As a longtime rider of an ATV, (over 10 years), I am opposed to more regulation for those of us that ride responsibly. I have never been injured, nor injured anyone while riding my "quad". I have ridden double on it as well, on both improved roads and off road. If the situation is unsafe, then one needs to rethink his route. I use mine mostly during hunting season and it affords me the option of getting to my area quietly and efficiently. I do NOT ride offroad into areas where others are hunting, but have had it happen to me. For those that do not know, the BLM [Bureau of Land Management] and Forest Service are also in the mode of enacting restrictions on OHV use. As for the users of ATVs that enjoy the activities such as riding the dunes or just cross country travel, I cannot speak to those. I do know that speed and unsafe actions lead to the deaths and serious injuries that were mentioned in the article. I personally know an individual that sustained a serious head injury and has never fully recovered. The conditions that lead to his accident were speed, riding in unfamiliar terrain (his own property, tall grass hiding a stump), and no head helmet. The proposed law would not affect this person [or] the outcome. I am in favor of riders under the age of 18 being required to take a test, online or performance based. Requiring a person to take a test when an ATV is purchased may be a positive thing; however that will only get the purchaser tested. What about the rest of the family? I know performance based testing from one vendor is $350. How many families can afford to get the wife and kids tested at that fee? Even the statistics emphatically point out the need to make this safer for kids. How is the purchase by the adult going to make this safer for kids? Maybe a few will realize the need to be responsible for their kids and get them the class. I bet many will not.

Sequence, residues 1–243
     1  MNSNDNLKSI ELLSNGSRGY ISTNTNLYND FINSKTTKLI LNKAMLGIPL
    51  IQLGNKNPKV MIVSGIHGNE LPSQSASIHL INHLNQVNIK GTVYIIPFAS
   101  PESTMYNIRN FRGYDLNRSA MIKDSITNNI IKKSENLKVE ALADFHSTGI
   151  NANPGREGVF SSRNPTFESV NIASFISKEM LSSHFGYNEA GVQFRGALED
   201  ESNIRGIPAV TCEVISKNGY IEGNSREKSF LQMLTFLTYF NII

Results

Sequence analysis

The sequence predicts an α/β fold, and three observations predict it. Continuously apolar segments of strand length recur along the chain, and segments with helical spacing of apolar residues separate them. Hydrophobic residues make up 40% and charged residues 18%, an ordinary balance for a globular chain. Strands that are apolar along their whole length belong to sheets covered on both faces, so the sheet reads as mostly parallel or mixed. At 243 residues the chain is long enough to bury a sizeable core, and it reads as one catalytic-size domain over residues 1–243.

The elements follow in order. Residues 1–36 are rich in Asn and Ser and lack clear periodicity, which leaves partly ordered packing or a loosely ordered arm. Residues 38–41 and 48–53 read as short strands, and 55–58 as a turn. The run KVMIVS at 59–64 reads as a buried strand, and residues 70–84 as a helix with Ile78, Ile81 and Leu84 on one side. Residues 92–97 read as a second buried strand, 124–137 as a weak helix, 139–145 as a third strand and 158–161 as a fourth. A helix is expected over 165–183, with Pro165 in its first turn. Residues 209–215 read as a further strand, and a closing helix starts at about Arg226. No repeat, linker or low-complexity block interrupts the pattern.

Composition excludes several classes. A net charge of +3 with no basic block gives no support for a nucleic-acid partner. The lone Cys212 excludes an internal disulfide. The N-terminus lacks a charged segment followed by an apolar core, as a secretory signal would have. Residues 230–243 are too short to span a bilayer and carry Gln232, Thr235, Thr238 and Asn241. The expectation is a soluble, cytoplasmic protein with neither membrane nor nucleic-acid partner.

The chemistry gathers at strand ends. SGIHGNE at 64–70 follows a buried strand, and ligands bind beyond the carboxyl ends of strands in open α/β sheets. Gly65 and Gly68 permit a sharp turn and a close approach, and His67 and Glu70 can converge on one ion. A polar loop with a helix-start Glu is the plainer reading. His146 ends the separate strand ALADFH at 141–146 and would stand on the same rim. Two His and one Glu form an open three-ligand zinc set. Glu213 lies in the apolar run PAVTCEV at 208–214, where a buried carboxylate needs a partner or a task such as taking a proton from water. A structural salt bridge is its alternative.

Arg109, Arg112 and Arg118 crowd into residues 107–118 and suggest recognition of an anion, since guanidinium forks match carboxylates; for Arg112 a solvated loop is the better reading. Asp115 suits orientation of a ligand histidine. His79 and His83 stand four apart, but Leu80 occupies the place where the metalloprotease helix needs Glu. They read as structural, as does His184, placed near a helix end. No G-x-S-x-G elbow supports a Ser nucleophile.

Oregon parks department proposes restrictions on ATVs